Because affiliates programs are based on pay-for-performance, it makes sense for the destination site to sign up many small sites as affiliates. After all, if the site doesn't send any traffic, there is no cost. And the computer keeps track of the referrals, so there is no need to manually negotiate complex deals or have other overhead that normally makes it expensive to have small partners.

Weaknesses of Affiliates Programs

Some of the strengths can turn into weaknesses: because sites now get paid to link, there is a temptation to add too many links to the Web. Every extra user interface element is one more thing for users to look at, so links should only be included when they in fact add value to the user.

Also, there is a temptation to link to things that you cannot fully recommend simply because you get paid to do so. A higher-level analysis says that the user's trust is the most valuable long-term proposition for a website and that it would be stupid to jeopardize the long-time survival of the site for a short-term profit. You can fool some of the people some of the time (a few users may buy a bad product because of your link), but you can't fool all of the people all of the time (pretty soon people stop taking your recommendations seriously; they may even stop using the site altogether). But even though strategic considerations dictate prudent use of linking, even for paid links, the person writing any individual page may still be led into temptation.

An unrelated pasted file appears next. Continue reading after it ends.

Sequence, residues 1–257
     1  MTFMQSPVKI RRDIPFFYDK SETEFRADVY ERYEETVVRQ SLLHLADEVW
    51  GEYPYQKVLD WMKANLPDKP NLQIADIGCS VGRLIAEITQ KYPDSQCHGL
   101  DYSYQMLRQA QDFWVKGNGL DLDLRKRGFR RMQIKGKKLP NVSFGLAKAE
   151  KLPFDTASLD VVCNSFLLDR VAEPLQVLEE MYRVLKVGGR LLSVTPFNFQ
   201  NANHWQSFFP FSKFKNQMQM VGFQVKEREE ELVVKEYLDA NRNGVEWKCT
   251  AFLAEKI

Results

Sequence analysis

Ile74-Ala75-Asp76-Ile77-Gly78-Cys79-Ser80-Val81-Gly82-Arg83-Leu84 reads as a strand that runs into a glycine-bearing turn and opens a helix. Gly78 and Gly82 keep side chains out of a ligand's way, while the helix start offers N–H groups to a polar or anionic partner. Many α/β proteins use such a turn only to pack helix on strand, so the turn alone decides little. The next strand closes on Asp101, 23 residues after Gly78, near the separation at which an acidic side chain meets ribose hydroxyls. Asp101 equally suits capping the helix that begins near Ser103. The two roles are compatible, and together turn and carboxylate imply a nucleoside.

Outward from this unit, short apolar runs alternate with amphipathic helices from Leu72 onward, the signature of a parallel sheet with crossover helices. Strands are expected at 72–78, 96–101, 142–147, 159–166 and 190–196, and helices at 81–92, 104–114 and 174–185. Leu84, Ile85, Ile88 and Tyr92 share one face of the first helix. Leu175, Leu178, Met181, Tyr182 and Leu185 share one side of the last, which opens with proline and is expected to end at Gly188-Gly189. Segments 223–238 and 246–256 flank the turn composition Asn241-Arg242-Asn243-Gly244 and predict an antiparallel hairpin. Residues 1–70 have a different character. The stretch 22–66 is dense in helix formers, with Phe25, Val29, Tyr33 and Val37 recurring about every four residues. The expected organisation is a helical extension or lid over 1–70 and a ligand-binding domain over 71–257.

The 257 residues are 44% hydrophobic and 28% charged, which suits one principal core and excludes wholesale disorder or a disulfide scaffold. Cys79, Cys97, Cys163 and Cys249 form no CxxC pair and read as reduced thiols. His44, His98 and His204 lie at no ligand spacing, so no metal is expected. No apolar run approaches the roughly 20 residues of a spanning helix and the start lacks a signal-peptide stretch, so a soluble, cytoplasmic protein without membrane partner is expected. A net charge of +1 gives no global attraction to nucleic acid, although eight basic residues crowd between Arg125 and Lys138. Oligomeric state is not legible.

Some categories of products and services lend themselves more to affiliates programs than others. Books are the prime example because there are books about all special interest areas. Thus every site will have some books to recommend within its area of expertise. And there is value-add from the recommendations since the specialized site will know more about the books in its field than the more generic advice possible at a general site. Want a tourist guide to London? You can't find the best one at the bookstore site, but a travel site could have a shortlist of the best 3-4 guidebooks for different kinds of travelers.